Mugged by Reality

Column: After Boston, Obama can no longer ignore the global jihad

Medical workers aid injured people at the finish line of the 2013 Boston Marathon / AP
April 26, 2013

You have heard the words. You know the narrative. Let’s not rush to judgment. These were lone wolves. They were self-radicalized. The system worked. The dots were connected. Osama Bin Laden is dead; GM is alive. Al Qaeda is a shadow of its former self. It is time for nation building at home.

Add up all of those lone wolves, however, and pretty soon you have a pack. Which may be one reason the reaction of some liberals to last week’s terror attack has been so bizarre: The bombing of the Boston Marathon by two radical Muslim immigrants to the United States, in which three innocent bystanders were killed, including an eight-year-old boy, and more than 260 other innocents were wounded, many of them maimed grievously, interrupted certain narratives that have dominated national security discourse since the election of President Barack Obama.

The underlying assumption of those narratives is that the counterterrorism strategy pursued by President George W. Bush in the aftermath of Sept. 11, 2001, was self-destructive. The wars in Iraq and Afghanistan mobilized the Islamic world against America. The existence of the prison at Guantanamo Bay, the scandal at Abu Ghraib, and the reports of harsh interrogation of detainees eroded our moral high ground. Bush betrayed our values. He exploited fear for political gain.

The appropriate response, it was said, was to do the opposite of Bush. Withdraw from Iraq and Afghanistan. Narrow the war to drones and Special Forces targeted against al Qaeda leadership. Close Gitmo. Ban "torture." Extend a hand to the Muslim Middle East. Diminish the threat by suggesting its commonality not with ideologies such as fascism or communism or anarchism, but with unlawful activities such as organized crime, narcotics trafficking, and psychopathic rampage killing.

This narrative could hold sway as long as terrorist plots were disrupted or failed or could be dismissed as something other than terrorism. Such was the case for four years. In May 2009 the New York Police Department disrupted a plot to bomb Jewish landmarks in the Bronx and attack a local airport. The next month Carlos Bledsoe, aka Abdulhakim Mujahid Muhammad, fired on an Army recruiting station in Little Rock, Ark., killing one and wounding another.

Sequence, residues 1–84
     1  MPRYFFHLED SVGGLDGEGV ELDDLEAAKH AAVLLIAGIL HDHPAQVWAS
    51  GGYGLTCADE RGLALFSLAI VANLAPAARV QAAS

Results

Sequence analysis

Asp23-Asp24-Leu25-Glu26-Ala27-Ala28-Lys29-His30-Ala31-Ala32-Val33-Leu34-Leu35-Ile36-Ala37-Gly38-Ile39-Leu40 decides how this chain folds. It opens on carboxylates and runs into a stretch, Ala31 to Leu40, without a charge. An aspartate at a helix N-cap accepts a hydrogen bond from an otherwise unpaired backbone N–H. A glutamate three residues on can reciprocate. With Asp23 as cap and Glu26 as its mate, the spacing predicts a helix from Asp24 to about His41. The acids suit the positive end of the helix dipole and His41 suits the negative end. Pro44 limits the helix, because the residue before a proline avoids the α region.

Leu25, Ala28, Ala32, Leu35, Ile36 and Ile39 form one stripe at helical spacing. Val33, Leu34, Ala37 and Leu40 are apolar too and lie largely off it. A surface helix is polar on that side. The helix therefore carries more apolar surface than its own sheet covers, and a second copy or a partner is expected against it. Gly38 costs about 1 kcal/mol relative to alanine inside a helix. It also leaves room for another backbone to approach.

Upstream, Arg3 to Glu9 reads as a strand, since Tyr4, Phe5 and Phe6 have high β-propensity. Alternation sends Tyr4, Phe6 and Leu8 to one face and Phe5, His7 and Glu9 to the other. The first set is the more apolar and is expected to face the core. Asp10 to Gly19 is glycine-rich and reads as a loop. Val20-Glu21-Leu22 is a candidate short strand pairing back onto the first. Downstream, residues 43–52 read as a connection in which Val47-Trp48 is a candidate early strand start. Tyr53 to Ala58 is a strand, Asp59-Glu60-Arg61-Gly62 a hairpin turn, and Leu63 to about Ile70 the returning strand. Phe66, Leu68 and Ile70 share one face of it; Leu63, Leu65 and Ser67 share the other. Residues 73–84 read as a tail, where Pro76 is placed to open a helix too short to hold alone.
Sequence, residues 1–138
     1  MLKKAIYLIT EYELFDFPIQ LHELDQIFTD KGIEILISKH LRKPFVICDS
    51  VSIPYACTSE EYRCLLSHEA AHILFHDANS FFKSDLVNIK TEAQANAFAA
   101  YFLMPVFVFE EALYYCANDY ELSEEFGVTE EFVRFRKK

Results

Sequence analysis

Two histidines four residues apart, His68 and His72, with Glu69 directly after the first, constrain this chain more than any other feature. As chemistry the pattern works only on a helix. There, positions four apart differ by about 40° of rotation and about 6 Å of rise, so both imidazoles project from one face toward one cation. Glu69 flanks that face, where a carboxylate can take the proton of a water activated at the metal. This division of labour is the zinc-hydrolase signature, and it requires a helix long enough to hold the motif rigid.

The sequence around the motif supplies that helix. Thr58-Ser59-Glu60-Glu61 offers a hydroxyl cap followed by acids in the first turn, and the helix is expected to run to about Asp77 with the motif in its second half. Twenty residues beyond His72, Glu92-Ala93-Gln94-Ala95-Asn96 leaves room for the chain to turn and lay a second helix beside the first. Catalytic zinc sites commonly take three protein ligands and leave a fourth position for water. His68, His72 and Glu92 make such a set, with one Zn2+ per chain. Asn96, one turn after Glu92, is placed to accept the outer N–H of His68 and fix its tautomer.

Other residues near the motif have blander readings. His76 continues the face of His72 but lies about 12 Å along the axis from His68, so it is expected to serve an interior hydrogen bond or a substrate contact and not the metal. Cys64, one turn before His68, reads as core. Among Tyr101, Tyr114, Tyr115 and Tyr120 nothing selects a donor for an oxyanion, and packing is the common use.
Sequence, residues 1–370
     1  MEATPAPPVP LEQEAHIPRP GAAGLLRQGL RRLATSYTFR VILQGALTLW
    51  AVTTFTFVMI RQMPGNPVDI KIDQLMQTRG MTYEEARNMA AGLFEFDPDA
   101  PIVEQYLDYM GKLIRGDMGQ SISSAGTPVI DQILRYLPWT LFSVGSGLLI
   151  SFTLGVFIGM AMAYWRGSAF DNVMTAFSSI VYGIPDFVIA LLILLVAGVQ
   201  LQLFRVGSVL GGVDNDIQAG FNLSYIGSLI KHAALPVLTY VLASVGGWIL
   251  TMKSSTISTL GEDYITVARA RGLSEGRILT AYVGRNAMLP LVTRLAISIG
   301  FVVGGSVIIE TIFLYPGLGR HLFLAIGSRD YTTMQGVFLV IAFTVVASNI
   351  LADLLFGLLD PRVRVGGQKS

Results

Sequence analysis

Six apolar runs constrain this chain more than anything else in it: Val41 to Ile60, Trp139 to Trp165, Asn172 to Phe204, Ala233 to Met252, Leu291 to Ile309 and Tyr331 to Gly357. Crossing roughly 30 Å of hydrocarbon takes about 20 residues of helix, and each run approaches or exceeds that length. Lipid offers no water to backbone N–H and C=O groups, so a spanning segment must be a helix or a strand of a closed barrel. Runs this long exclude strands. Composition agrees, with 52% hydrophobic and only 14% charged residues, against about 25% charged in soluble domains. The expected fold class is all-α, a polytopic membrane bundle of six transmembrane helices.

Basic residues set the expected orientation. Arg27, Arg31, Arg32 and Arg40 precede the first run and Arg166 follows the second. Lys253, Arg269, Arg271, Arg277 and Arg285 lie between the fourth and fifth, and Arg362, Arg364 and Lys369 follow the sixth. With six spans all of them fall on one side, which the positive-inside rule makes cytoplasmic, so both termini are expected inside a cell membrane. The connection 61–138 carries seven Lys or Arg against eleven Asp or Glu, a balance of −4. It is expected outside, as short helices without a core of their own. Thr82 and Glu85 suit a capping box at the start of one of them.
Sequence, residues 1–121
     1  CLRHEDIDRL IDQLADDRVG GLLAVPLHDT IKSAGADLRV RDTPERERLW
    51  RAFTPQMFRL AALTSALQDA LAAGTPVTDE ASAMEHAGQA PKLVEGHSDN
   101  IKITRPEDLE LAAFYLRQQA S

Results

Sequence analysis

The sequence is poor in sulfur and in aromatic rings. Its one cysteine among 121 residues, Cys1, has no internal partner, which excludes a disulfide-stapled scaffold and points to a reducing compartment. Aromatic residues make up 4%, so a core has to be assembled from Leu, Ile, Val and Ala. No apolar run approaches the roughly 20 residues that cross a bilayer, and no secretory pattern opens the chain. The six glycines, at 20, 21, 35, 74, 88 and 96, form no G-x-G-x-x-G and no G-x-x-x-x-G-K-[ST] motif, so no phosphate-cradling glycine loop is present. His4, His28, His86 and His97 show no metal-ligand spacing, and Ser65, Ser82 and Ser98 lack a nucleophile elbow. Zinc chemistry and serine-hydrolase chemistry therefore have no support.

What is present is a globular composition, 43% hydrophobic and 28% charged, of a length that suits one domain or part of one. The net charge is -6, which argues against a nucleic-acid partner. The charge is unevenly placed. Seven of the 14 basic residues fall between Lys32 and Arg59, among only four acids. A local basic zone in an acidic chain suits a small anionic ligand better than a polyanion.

That September, the NYPD disrupted a plot to bomb the subway on the anniversary of 9/11. That November, Maj. Nidal Hasan, an acolyte of al Qaeda leader Anwar al-Awlaki, shouted "Allahu Akbar" and opened fire inside Fort Hood, Texas, killing 13 and wounding 29. His attack was labeled "workplace violence." That Christmas, Umar Farouk Abdulmutallab failed to detonate the explosives he had smuggled in his underpants onto Northwest Airlines Flight 253 to Detroit. There were 289 people on the plane.

In May 2010 a man named Faisal Shahzad attempted to detonate a car bomb in Times Square. He, too, was under the sway of al-Awlaki, an American citizen later killed by a drone attack. In November 2010 the FBI arrested Mohamed Osman Mohamud for plotting to detonate a car bomb at a Portland, Ore., Christmas tree lighting ceremony.

NYPD disrupted two plots during 2011. One targeted a synagogue; the other sought to plant small bombs throughout the city. This second attacker, NYPD relates, learned how to make the bombs from al Qaeda’s English-language magazine Inspire.

On Sept. 11, 2012, the eleventh anniversary of the worst attack on American soil since Pearl Harbor, Islamic militants launched a coordinated assault on U.S. embassies throughout the Greater Middle East. One of those assaults, against the U.S. consulate in Benghazi, Libya, killed four Americans including the U.S. ambassador to that country.

The initial explanation from our government was that the attack was "blowback" from an "anti-Islam" video produced in the United States. That was not the case. To the extent the video mattered, it was part of an al Qaeda information operation to stoke Muslim discord and riot. And to that extent, it succeeded.

In October 2012 the NYPD apprehended a Bangladeshi national residing in the United States on a student visa. He was attempting to blow up the Federal Reserve Bank of New York.

One month later, federal agents arrested two Pakistani immigrants who were plotting to bomb locations throughout New York City. And in January 2013, a cell of al Qaeda in the Islamic Maghreb invaded the Tigantourine natural gas facility in In Amenas, Algeria, taking more than 800 hostages and killing 39, including three Americans.

This is by no means an inclusive list of the Islamic terrorist plots against the United States, her citizens, and her interests at home and abroad that have been organized or perpetrated since 2009. Nor does it include plots that were hatched or occurred during the same time against those nations once defined as "Christendom," or the plots against the state of Israel, or the innumerable violent acts of al Qaeda affiliates against American and coalition forces serving in Iraq and Afghanistan and around the world.